There are few U.S. cities with as many outsized landmarks as New York, from the Statue of Liberty and Times Square to the Empire State Building and Central Park. But just because the city teems with popular destinations doesn't mean that marketing it to consumers is easy, according to Nancy Mammana, who was recently appointed chief marketer at NYC & Company, the official tourism body of the five boroughs.
"People think you don't necessarily promote New York City — some people would say it sells itself," Mammana told Marketing Dive in a phone interview. "In reality, there are a lot of competitors out there and a lot of options for travel."
But Mammana, with a career that includes roughly a decade on the agency side of the business, feels well-attuned to what consumers want today and how marketers can reach them. She's quickly climbed through the ranks after joining NYC & Company as SVP of marketing last year and, in the midst of Women's History Month, has found its leadership a nice change of pace from some of her prior areas of work.
"We have now a female general counsel, female senior leadership on our membership side and our government affairs department," Mammana said. "We're pretty strong here on the female side of things, which is really refreshing."
Below, she further dished to Marketing Dive on tapping into an increasingly global consumer base and what she's most excited about in 2019, including the debut of Hudson Yards and a historic World Pride event arriving this summer.
The following interview has been edited for clarity and brevity.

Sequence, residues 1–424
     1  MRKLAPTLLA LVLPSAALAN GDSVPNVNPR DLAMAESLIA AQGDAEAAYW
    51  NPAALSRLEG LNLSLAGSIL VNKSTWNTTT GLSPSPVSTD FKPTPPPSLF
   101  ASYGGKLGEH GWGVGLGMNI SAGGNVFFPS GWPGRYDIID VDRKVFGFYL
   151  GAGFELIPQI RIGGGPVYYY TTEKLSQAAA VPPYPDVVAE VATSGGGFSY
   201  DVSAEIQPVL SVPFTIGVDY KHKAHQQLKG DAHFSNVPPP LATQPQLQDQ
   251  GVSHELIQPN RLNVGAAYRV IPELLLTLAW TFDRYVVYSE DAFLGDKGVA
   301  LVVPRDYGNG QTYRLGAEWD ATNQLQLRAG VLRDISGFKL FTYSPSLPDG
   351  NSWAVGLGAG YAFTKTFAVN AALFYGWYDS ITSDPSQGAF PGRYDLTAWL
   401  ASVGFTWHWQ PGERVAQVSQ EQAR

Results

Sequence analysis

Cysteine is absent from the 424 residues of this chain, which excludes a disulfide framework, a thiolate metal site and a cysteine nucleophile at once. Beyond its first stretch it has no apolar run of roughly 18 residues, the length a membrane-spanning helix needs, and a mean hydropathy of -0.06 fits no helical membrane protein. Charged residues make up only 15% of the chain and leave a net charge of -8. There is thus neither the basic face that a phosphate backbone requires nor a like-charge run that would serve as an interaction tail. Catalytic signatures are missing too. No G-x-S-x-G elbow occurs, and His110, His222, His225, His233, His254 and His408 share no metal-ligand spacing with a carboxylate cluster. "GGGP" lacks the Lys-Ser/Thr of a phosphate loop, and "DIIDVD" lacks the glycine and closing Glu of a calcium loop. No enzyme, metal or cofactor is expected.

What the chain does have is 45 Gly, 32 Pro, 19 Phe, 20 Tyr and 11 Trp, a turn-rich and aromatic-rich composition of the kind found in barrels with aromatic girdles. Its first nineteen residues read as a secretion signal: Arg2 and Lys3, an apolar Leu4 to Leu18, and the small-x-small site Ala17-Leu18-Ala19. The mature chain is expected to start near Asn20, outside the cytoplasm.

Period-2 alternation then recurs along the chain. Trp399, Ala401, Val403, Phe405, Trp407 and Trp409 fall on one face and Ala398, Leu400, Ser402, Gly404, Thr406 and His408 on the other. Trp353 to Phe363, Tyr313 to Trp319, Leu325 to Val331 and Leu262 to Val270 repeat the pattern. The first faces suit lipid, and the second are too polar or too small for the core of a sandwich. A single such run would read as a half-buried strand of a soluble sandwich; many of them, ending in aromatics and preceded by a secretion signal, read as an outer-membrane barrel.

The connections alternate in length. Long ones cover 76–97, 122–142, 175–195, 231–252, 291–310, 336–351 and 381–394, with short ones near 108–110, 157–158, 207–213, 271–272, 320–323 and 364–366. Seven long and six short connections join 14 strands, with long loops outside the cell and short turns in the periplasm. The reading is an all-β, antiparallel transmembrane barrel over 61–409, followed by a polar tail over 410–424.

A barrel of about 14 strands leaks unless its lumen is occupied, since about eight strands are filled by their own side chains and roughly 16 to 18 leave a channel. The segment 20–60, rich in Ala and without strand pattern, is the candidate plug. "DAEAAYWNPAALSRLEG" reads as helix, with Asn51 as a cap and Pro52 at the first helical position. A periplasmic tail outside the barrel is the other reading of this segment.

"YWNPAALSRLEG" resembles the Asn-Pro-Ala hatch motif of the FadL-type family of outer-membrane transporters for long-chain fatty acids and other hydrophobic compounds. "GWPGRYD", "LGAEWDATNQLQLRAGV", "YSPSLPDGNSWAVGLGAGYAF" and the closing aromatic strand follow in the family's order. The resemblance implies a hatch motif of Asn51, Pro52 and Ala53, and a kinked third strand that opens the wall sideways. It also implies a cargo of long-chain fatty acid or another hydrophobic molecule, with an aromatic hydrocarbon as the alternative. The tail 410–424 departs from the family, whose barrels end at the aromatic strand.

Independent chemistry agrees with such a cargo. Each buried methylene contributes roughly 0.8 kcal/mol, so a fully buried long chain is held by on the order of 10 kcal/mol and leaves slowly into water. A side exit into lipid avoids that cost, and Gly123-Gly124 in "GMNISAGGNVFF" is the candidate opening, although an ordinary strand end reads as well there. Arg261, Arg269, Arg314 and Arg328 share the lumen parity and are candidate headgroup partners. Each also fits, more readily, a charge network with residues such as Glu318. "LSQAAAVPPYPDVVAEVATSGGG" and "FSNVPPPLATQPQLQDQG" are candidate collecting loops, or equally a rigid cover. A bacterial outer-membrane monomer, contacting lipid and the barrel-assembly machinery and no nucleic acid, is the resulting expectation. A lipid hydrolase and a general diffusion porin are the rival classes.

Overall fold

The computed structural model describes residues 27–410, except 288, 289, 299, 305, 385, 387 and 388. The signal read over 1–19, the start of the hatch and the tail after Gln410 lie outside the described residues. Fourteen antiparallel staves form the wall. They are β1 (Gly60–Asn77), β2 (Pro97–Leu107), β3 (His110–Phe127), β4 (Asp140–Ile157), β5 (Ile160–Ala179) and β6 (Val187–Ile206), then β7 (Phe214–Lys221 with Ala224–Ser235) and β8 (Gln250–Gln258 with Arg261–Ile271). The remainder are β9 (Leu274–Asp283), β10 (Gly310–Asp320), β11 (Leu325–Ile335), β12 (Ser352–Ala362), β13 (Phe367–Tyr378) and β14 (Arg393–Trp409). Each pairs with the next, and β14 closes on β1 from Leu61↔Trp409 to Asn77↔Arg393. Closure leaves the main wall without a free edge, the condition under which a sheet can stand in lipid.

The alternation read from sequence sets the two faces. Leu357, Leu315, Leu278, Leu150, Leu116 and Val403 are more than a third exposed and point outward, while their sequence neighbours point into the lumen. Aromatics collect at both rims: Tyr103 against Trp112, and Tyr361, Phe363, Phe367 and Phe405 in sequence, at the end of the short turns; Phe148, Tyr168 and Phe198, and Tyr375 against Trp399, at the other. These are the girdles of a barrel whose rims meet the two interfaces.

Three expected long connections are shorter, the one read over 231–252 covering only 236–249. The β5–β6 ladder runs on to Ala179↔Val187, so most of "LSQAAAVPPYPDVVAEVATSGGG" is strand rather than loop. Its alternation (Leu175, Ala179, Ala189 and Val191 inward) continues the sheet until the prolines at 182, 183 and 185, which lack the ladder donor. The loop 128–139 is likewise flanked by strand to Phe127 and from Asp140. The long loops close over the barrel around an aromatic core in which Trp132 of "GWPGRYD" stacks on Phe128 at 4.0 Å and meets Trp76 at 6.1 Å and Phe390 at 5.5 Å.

MARKETING DIVE: How has digital disruption affected your organization, especially due to the amount of travel and tourism that's now done via mobile and digital platforms? That's especially true of segments that claim they love to travel, like millennials.
NANCY MAMMANA: We're focusing very heavily on digital. Like any other brand, we're trying to understand the path to purchase. We don't control the actual travel transaction the majority of the time, as most CMOs do. We're trying to get people to explore the neighborhoods and the boroughs and travel like a local, which we see across the country as a travel trend. That's been a priority of ours conceptually, and digital is a huge part of that. We are doing a lot more in the name of web personalization and the web experience.
We also have an in-house analytics team, which is truly a gift. We have 17 global offices, so coupled with what they're doing on the ground and the data we can pull ourselves, we're making sure our media and our content is relevant. Digital is the way we make sure we can do that.
The analytics team is all in-house?
MAMMANA: Yeah, we do most things in-house. We have in-house creative, video production, research and analytics. We use agencies sparingly. We do have a media agency that helps us with all of our paid efforts. But for the most part, everything else in-house, which has been terrific. It allows us to be a lot more efficient.
You also mentioned 17 global offices. Could you expand on how you're marketing to emerging audiences for travel and tourism, like in China.
MAMMANA: We've developed our own channels in Weibo and WeChat, and largely it's been awareness building to date. We're the No. 1 channel in the destination category on Weibo. We do work with an agency in China called Mailman Group, and they've been really helpful for us in terms of understanding the market with a really targeted approach.
You do need help on the ground in China. We work in partnership with them in terms of coupling our understanding of the marketplace with what we can do from a promotional and content perspective here. We have a tourism development department here that is divided into established versus emerging markets. Those teams work in tandem with mine and the agencies we have on the ground to determine what makes sense.
We've spent the last year or two developing the framework and building the foundation in China, and now we're in a phase two approach in working to develop more content, more offerings and potential transactions in the app and in the channel that are really relevant.